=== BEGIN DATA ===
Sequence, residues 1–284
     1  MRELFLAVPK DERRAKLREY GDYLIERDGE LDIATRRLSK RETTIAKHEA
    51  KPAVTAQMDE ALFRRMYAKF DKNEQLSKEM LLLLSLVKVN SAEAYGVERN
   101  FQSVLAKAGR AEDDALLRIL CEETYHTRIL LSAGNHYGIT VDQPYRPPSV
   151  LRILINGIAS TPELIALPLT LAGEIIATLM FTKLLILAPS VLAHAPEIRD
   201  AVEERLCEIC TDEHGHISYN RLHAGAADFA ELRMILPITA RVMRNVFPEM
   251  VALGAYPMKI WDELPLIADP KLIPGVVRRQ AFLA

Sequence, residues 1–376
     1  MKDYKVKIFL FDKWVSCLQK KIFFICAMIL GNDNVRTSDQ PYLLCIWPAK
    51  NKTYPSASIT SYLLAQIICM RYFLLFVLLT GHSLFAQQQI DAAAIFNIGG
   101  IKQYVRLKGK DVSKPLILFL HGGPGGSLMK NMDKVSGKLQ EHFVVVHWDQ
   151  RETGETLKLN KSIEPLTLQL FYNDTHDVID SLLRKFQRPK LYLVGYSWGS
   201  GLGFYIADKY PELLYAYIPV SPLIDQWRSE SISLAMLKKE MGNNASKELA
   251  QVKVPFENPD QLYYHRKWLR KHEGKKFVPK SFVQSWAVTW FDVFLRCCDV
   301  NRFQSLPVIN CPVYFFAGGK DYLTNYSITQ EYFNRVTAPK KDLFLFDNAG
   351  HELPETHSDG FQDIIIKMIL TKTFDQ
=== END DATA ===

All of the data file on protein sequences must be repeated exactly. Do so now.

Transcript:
Sequence, residues 1–284
     1  MRELFLAVPK DERRAKLREY GDYLIERDGE LDIATRRLSK RETTIAKHEA
    51  KPAVTAQMDE ALFRRMYAKF DKNEQLSKEM LLLLSLVKVN SAEAYGVERN
   101  FQSVLAKAGR AEDDALLRIL CEETYHTRIL LSAGNHYGIT VDQPYRPPSV
   151  LRILINGIAS TPELIALPLT LAGEIIATLM FTKLLILAPS VLAHAPEIRD
   201  AVEERLCEIC TDEHGHISYN RLHAGAADFA ELRMILPITA RVMRNVFPEM
   251  VALGAYPMKI WDELPLIADP KLIPGVVRRQ AFLA

Sequence, residues 1–376
     1  MKDYKVKIFL FDKWVSCLQK KIFFICAMIL GNDNVRTSDQ PYLLCIWPAK
    51  NKTYPSASIT SYLLAQIICM RYFLLFVLLT GHSLFAQQQI DAAAIFNIGG
   101  IKQYVRLKGK DVSKPLILFL HGGPGGSLMK NMDKVSGKLQ EHFVVVHWDQ
   151  RETGETLKLN KSIEPLTLQL FYNDTHDVID SLLRKFQRPK LYLVGYSWGS
   201  GLGFYIADKY PELLYAYIPV SPLIDQWRSE SISLAMLKKE MGNNASKELA
   251  QVKVPFENPD QLYYHRKWLR KHEGKKFVPK SFVQSWAVTW FDVFLRCCDV
   301  NRFQSLPVIN CPVYFFAGGK DYLTNYSITQ EYFNRVTAPK KDLFLFDNAG
   351  HELPETHSDG FQDIIIKMIL TKTFDQ